Johnny LaGuardia’s Trinitron Mixtape

Mixtape is an experimental theater piece that haunts the viewer as a radio play, live movie and dance piece all rolled into one. The show explores the personal narrative of Blanche Barrow, a one time member and longest survivor of the Bonnie and Clyde gang, to stir memories of manifest destiny, gendered violence, southern longevity, and lost love. Mixtape is a tribute to analog dreamscapes, sculptures of early video art, the voice behind the microphone, punk carpentry, den carpet television overload, sleuthing a live feed and a performative / collaborative installation. Performers: Alexis Scott, Bug Davidson, Erica Gionfriddo Sound Design: Samantha Skinner

Writing
Had the time of my life putting up this show at Fusebox 2017. Still waiting on official documentation so until then, here are some rehearsal and behind the scenes images.

Many Thanks to the Puffin Foundation for the support of this work. 

Reviews from Fusebox 2017:
“This show hit me between the eyes and shook my soul a bit. It was hard-edged and raw and yet balletic and quiet. I danced with Blanche slow, trying not to cry, because I thought it would hijack their show....I needed this and I didn’t even know. I needed deep Southerness and complicated femininity and a good long touch that had no end planned. It was beautiful and sometimes hard to watch. The script was cutting and brilliant. We sat in silence as the last song of the show played, stunned. Still drinking in the experience, not ready to applaud, and bring it to an end.” Aaron Sanders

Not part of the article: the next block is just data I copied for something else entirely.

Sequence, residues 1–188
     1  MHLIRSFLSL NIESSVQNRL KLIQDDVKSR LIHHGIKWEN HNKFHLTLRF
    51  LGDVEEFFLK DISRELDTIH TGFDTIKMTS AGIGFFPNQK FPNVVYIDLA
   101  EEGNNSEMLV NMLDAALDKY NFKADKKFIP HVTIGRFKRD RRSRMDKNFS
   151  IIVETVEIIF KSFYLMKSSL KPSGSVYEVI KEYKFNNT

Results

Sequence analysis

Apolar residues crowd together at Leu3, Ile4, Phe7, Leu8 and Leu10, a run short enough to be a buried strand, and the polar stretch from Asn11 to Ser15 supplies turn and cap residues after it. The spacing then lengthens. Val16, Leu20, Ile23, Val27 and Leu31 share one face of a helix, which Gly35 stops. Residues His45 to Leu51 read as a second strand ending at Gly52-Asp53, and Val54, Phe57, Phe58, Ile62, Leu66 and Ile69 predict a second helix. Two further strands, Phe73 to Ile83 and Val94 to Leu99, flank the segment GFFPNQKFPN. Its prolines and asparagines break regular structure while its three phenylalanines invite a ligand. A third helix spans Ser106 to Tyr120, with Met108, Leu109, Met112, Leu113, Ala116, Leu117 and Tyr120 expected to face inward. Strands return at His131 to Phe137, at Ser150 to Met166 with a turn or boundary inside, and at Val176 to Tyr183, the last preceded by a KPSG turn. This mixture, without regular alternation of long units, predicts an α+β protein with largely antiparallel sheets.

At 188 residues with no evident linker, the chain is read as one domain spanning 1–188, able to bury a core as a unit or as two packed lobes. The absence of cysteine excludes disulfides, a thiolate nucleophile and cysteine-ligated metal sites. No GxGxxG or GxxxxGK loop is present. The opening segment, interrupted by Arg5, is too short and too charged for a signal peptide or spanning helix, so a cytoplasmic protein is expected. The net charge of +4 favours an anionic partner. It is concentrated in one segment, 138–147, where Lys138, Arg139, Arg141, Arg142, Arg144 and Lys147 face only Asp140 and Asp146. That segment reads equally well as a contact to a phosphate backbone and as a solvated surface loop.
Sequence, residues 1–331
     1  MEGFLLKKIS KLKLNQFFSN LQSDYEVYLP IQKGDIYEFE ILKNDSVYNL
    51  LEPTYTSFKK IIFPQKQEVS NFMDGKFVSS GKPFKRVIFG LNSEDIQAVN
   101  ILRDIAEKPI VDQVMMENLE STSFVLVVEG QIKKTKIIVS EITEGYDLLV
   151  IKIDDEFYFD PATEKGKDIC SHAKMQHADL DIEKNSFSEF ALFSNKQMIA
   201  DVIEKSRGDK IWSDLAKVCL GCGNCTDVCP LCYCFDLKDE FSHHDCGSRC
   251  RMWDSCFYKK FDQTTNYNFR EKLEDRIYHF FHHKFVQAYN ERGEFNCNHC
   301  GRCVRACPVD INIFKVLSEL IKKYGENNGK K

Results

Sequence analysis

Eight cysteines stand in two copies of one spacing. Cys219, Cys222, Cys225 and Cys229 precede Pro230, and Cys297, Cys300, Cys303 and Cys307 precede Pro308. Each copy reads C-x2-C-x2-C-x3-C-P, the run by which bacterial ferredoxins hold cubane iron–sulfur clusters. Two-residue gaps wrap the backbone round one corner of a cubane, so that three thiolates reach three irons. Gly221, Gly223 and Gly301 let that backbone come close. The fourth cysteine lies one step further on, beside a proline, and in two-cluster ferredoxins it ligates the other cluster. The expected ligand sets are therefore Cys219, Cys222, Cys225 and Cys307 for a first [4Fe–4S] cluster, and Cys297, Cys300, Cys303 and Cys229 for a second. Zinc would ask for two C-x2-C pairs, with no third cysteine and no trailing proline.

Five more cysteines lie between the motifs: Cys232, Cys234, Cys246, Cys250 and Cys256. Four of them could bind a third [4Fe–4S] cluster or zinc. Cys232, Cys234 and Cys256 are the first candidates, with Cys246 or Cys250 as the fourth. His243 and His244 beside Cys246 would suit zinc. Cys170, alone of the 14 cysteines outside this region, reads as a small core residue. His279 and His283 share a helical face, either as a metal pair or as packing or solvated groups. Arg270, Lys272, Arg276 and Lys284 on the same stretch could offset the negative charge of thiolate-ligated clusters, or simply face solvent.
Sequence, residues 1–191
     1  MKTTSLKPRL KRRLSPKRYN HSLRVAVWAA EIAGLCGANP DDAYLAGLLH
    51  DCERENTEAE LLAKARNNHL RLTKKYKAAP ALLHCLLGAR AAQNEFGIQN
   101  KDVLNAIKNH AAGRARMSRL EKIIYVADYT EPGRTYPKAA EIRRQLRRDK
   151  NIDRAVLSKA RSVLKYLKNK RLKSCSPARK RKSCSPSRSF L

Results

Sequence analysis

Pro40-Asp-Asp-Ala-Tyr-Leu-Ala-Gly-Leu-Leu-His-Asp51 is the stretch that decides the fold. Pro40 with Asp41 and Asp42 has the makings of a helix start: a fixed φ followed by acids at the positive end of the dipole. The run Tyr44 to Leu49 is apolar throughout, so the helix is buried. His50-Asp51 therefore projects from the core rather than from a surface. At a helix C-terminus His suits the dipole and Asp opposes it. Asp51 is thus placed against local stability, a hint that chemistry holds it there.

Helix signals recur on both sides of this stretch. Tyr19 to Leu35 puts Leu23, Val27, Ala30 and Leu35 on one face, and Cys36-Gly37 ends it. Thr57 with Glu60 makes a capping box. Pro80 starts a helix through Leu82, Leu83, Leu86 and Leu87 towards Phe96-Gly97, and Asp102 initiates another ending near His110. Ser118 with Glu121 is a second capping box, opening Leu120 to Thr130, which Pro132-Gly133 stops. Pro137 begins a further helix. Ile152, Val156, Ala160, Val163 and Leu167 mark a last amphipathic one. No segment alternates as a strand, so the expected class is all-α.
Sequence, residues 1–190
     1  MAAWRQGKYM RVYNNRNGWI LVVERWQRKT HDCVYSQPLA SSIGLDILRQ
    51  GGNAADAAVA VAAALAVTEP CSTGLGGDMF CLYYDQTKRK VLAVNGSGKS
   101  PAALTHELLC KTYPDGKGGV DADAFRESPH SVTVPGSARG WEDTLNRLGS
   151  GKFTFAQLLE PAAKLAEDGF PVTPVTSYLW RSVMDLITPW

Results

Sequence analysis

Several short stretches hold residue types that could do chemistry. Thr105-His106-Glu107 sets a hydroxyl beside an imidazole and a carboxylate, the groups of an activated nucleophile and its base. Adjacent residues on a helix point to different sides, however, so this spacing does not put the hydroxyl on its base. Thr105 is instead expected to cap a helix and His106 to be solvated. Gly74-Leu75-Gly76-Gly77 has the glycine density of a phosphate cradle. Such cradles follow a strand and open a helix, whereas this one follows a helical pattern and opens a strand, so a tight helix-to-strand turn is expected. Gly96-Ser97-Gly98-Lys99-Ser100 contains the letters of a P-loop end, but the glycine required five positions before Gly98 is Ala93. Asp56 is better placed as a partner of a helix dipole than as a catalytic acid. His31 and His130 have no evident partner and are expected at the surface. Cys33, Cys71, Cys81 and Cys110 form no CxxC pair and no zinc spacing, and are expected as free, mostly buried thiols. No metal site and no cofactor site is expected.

"In Trinitron Mixtape we watch two lovers onstage; they are in the same theater, though they are not in the same worlds onstage.  One is in prison, the other we assume is in her home; in their own way they are both incarcerated.  We as the audience are able to witness them from a variety of perspectives (another wonderful metaphor for life, especially in the digital age).  Though I did not actually count, what seems like half a dozen cameras are situated around the space, allowing the actors to be filmed as they speak in real time, and allowing the audience to witness their experience from a variety of gorgeously crafted stage pictures, which are simultaneously transmitted to a wall of screens.  Like in the movies, what’s been staged for the screen to capture lacks a sense of genuineness; like in theater, there’s no hiding what we are actually witnessing." Lindsey Greer Sikes
Full Review Here: https://goo.gl/T5G0rx


All Above Photos by Amber Rademacher

Tickets are available now for the premiere of this piece at Fusebox Festival: 
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